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Hartford - The U.S. Senate race between Democrat Chris Murphy and Republican Linda McMahon remains locked in a statistical tie one month before Election Day, according to a Quinnipiac University poll.
The new opinion numbers, released Thursday, show 48 percent of likely voters supporting McMahon and 47 percent for Murphy with a 2.4 percent margin of error. The previous Q-poll had McMahon with a 3-point lead in late August; a poll last week by an out-of-state group gave Murphy a slight lead.
The new Quinnipiac survey also reveals enthusiasm and favorability gaps that benefit McMahon.
Fifty percent of McMahon's backers were "very enthusiastic" about her, while 27 percent of Murphy's supporters were as excited about him. (An additional 55 percent of Murphy supporters were "somewhat enthusiastic," compared to 39 percent of McMahon's.)
Overall, 45 percent of all likely voters held a favorable opinion of McMahon, but only 36 percent thought favorably of Murphy.
"Connecticut voters like Linda McMahon more than Christopher Murphy," said Douglas Schwartz, director of the Quinnipiac poll. "But the Democrat seems to be holding his own against the onslaught of negative advertising."
Murphy attributes his lukewarm showing to McMahon's big campaign and ad spending. The WWE mogul has poured more than $15 million of her family's fortune into this year's race after spending $50 million in her unsuccessful 2010 Senate bid.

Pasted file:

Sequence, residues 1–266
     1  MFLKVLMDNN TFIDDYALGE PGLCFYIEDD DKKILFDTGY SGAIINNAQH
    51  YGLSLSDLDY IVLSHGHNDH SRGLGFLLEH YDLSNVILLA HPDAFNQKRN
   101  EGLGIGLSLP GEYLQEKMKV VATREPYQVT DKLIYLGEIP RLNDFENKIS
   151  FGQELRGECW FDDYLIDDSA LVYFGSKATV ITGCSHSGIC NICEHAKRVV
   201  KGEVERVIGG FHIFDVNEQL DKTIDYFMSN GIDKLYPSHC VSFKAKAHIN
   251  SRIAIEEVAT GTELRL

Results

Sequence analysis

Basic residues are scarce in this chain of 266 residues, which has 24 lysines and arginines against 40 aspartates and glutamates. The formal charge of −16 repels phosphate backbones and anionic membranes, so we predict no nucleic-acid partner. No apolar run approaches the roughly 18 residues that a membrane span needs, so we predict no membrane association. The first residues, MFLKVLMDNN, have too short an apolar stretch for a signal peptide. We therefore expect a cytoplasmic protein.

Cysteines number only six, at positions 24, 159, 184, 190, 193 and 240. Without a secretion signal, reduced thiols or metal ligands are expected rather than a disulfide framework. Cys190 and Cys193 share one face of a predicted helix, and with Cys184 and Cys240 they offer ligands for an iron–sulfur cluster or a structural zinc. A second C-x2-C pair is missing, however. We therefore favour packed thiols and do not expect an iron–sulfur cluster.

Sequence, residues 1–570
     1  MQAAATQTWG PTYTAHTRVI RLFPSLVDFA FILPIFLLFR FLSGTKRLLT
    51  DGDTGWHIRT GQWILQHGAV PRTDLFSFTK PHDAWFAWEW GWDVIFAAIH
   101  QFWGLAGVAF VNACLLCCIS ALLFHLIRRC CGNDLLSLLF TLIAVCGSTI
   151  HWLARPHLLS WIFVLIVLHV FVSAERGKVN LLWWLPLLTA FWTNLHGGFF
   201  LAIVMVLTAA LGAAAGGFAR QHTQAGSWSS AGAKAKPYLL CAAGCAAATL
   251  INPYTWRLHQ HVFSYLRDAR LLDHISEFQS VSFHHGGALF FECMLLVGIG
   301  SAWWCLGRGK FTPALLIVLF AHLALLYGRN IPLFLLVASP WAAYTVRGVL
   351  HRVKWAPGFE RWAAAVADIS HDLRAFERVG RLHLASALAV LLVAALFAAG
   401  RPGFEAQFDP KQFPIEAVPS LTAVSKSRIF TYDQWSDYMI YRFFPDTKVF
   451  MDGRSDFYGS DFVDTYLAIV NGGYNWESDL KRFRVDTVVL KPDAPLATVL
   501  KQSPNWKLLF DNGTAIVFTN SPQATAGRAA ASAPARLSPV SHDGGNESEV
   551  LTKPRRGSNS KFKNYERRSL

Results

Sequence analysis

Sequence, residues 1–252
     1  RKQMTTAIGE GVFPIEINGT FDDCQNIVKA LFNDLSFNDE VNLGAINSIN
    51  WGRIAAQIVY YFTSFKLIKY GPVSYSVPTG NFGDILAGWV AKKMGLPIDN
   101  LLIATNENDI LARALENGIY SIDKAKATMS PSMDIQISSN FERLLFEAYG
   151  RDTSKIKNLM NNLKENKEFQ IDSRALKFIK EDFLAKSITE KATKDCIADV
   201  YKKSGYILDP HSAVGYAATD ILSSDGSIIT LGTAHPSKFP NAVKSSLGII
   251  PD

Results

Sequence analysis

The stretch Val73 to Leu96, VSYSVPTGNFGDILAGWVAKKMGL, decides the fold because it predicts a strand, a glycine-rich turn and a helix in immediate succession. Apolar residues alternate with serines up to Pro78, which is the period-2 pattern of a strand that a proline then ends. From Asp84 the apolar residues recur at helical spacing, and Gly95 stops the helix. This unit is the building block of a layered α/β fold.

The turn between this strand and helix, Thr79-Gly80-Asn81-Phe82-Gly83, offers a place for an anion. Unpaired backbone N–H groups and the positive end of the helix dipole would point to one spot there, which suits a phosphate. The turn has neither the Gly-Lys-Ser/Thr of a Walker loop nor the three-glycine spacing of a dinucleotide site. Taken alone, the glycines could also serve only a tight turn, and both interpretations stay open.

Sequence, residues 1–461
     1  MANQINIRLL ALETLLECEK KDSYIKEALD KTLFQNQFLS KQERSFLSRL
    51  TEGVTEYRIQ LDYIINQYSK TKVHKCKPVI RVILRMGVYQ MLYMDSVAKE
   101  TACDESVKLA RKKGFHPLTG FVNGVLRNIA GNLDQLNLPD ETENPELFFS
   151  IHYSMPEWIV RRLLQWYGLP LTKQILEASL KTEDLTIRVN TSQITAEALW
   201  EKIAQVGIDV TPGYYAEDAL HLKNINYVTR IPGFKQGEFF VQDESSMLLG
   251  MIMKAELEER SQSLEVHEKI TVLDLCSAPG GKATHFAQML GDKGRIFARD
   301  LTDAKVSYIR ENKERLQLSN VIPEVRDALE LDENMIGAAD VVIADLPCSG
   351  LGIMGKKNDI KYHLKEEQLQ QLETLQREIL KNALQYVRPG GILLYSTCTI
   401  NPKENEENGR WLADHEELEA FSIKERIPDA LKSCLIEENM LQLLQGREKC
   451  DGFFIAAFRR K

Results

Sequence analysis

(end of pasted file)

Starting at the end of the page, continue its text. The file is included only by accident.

"We've been outspent by a 3-to-1 margin," Murphy told reporters Thursday.
"Connecticut has always been a competitive state. We've had Republican governors for years, and any partisan (voter registration) advantage is dwarfed by the fact that Linda McMahon is trying to buy this election."
Meanwhile, McMahon's campaign manager, Corry Bliss, saw the Q-poll results as more voters embracing McMahon and her six-point jobs plan as they grow weary of Murphy, a 39-year-old "lifetime politician," currently the state's 5th Congressional District representative, who has faced unflattering revelations about overdue rent, mortgage and car payments in the late 1990s through mid-2000s.
Murphy fielded questions about the poll as he arrived for a Hartford campaign event designed to contrast his and McMahon's positions on federal tax policy.
He said the biggest difference is that his policies would help middle-class families and McMahon's would coddle the wealthy and grow the nation's deficit.
Murphy agrees with President Obama on extending most Bush-era income tax cuts beyond their scheduled Jan. 1 expiration, with the crucial exception of those benefiting high-earners, such as couples making more than $250,000 a year.
"If massive tax cuts for the wealthy created jobs, then this economy would not have collapsed in 2008," Murphy said.
McMahon, too, wants to extend all Bush-era tax cuts, but unlike Murphy and Obama, would let high earners keep their tax breaks because in a fragile economy, "now is not the time to be increasing taxes on anyone," her campaign said Thursday.